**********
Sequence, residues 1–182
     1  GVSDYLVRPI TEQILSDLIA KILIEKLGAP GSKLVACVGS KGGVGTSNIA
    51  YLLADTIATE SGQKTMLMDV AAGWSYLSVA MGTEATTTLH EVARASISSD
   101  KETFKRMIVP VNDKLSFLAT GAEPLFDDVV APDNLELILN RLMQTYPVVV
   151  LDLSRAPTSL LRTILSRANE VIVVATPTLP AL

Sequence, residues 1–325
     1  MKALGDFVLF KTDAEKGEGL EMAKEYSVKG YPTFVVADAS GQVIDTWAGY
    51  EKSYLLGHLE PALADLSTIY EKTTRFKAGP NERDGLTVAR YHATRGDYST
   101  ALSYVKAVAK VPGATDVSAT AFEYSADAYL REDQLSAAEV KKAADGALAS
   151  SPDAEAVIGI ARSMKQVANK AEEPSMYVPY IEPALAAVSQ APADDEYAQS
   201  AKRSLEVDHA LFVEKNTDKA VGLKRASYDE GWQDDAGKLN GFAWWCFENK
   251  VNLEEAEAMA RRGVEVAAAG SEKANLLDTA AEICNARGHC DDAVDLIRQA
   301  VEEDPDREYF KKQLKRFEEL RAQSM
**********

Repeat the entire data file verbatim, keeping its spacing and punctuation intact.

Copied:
Sequence, residues 1–182
     1  GVSDYLVRPI TEQILSDLIA KILIEKLGAP GSKLVACVGS KGGVGTSNIA
    51  YLLADTIATE SGQKTMLMDV AAGWSYLSVA MGTEATTTLH EVARASISSD
   101  KETFKRMIVP VNDKLSFLAT GAEPLFDDVV APDNLELILN RLMQTYPVVV
   151  LDLSRAPTSL LRTILSRANE VIVVATPTLP AL

Sequence, residues 1–325
     1  MKALGDFVLF KTDAEKGEGL EMAKEYSVKG YPTFVVADAS GQVIDTWAGY
    51  EKSYLLGHLE PALADLSTIY EKTTRFKAGP NERDGLTVAR YHATRGDYST
   101  ALSYVKAVAK VPGATDVSAT AFEYSADAYL REDQLSAAEV KKAADGALAS
   151  SPDAEAVIGI ARSMKQVANK AEEPSMYVPY IEPALAAVSQ APADDEYAQS
   201  AKRSLEVDHA LFVEKNTDKA VGLKRASYDE GWQDDAGKLN GFAWWCFENK
   251  VNLEEAEAMA RRGVEVAAAG SEKANLLDTA AEICNARGHC DDAVDLIRQA
   301  VEEDPDREYF KKQLKRFEEL RAQSM